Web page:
(I missed that this story was posted on Hacker News a month ago, but I had this post rolling around my brain anyways, so I’m writing it here instead of in a comment on a basically-ancient submission.)

Sometimes science fiction gives a peek into a possible future. Not enough people are talking about this old classic short story “Profession” by Isaac Asimov* and what it can teach us about our AI-and-prompt-engineering-powered future.

(And if that link goes down, use the web archive version)

I’m about to spoil this entire story, read it first if you want to be surprised. It’s not long.

Profession is set four thousand years in the future. On each person’s eighteenth birthday, their brain is scanned to find an appropriate profession, and then all the professional knowledge they need is downloaded from a tape. Like the Matrix!

Our protagonist George wants to be a “Registered Computer Programmer”.

On his eighth birthday, on Reading Day, he is given the ability to read. Most kids don’t do much with it, but George reads everything he can about programming.† On his eighteenth birthday, on Education Day, his brain is scanned and he’s told he’s not suitable for any profession. Yada yada yada, at the end of the story he finally figures out that someone has to make all the tapes and discover all the new advances, and you can only do that if you learn things the hard way.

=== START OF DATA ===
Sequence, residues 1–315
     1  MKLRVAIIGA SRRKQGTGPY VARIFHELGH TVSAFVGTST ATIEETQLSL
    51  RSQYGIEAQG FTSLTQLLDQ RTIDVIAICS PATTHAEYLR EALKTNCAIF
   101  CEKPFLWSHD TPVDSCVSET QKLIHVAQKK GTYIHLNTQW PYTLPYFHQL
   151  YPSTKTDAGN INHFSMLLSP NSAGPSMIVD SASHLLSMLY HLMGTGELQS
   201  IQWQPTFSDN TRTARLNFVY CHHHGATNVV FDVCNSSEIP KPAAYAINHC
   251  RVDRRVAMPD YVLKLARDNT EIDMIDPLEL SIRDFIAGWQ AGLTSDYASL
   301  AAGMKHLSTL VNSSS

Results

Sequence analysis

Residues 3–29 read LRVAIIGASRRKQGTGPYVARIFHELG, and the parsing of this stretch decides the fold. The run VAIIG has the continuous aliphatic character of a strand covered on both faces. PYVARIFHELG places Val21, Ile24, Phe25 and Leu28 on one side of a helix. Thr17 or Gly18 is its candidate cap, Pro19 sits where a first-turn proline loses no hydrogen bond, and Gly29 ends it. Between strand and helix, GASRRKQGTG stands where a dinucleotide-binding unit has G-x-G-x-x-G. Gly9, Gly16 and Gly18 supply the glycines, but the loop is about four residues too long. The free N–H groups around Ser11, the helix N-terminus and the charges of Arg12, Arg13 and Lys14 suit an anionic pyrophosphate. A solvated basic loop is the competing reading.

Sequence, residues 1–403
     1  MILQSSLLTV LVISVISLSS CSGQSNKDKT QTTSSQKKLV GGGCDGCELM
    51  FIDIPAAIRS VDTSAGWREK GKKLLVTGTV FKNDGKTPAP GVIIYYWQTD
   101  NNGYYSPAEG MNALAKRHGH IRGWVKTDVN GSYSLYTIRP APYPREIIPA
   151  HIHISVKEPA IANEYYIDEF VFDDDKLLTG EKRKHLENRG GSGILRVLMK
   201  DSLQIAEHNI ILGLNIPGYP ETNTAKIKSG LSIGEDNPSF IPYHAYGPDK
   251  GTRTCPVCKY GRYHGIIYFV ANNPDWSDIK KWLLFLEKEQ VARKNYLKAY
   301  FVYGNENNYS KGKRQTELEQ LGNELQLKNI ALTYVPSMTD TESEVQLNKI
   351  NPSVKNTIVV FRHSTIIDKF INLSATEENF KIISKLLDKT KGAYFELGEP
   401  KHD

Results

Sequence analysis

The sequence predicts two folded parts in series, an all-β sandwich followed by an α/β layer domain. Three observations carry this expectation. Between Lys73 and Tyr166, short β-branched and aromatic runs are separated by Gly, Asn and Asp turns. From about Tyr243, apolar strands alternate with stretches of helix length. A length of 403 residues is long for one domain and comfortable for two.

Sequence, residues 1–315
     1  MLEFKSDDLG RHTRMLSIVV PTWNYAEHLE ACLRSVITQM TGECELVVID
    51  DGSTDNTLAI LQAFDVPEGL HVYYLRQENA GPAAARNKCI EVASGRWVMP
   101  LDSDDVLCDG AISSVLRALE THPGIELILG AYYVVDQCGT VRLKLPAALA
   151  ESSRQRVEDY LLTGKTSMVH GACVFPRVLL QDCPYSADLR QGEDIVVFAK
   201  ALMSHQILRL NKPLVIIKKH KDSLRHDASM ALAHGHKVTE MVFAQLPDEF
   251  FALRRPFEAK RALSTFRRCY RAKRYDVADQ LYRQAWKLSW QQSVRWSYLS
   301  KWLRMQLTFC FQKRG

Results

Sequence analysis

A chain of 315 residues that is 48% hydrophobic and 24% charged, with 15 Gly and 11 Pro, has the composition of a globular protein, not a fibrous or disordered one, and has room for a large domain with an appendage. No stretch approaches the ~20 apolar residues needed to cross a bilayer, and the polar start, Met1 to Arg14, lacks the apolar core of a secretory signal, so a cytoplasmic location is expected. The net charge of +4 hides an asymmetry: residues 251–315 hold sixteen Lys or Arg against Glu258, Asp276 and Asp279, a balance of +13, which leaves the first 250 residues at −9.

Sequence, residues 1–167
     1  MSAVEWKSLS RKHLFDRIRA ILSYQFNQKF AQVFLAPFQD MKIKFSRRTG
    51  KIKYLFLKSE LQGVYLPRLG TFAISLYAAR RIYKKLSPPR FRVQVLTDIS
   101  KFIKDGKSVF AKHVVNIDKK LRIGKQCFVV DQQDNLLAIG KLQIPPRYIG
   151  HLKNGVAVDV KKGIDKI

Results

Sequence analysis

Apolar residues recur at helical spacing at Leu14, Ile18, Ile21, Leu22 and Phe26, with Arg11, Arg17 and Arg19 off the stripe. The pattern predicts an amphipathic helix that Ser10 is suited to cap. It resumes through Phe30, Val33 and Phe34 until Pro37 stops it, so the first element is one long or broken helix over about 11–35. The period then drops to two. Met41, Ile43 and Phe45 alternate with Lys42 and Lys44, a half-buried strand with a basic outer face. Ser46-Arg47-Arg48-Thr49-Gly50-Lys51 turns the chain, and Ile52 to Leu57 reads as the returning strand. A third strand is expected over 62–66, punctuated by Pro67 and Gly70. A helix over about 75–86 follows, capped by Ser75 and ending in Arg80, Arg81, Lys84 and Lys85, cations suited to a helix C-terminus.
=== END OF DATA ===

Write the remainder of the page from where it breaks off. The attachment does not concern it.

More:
Literature often abhors straightforward morals. Not here!

  1. Read.
  2. Teach thyself.
  3. Original work will never go out of style.‡

“Profession” doesn’t give us an exact answer to the professional and societal changes programmers will see with AI. (And if you do require exact answers, maybe fiction isn’t for you right now.) It’s not a 1-to-1 mapping of what we have in front of us now and what we’ll have in our future.

But every other day I read another young artist bemoaning their future, wondering what the point of their art is when OpenAI and DALL-E generates all this competent art with the click of a button. I want to give them all this story. Because we’ll still need all those writers and painters and photographers to push forward the state of the art of art.


* For the young in the audience, https://www.abelard.org/ is what the whole internet used to be. Personal, libertarian, and strangely artistic.

† Other people in the story have no concept of reading books for education. Education is given, not taken. George takes it. (A small point also covered Tara Westover’s Educated: A Memoir)

‡ There’s a fourth, smaller moral in the story. People who are given an education have a very small point of view, and are only concerned with the small movements within their field, and are unable to connect them with larger movements of society and history.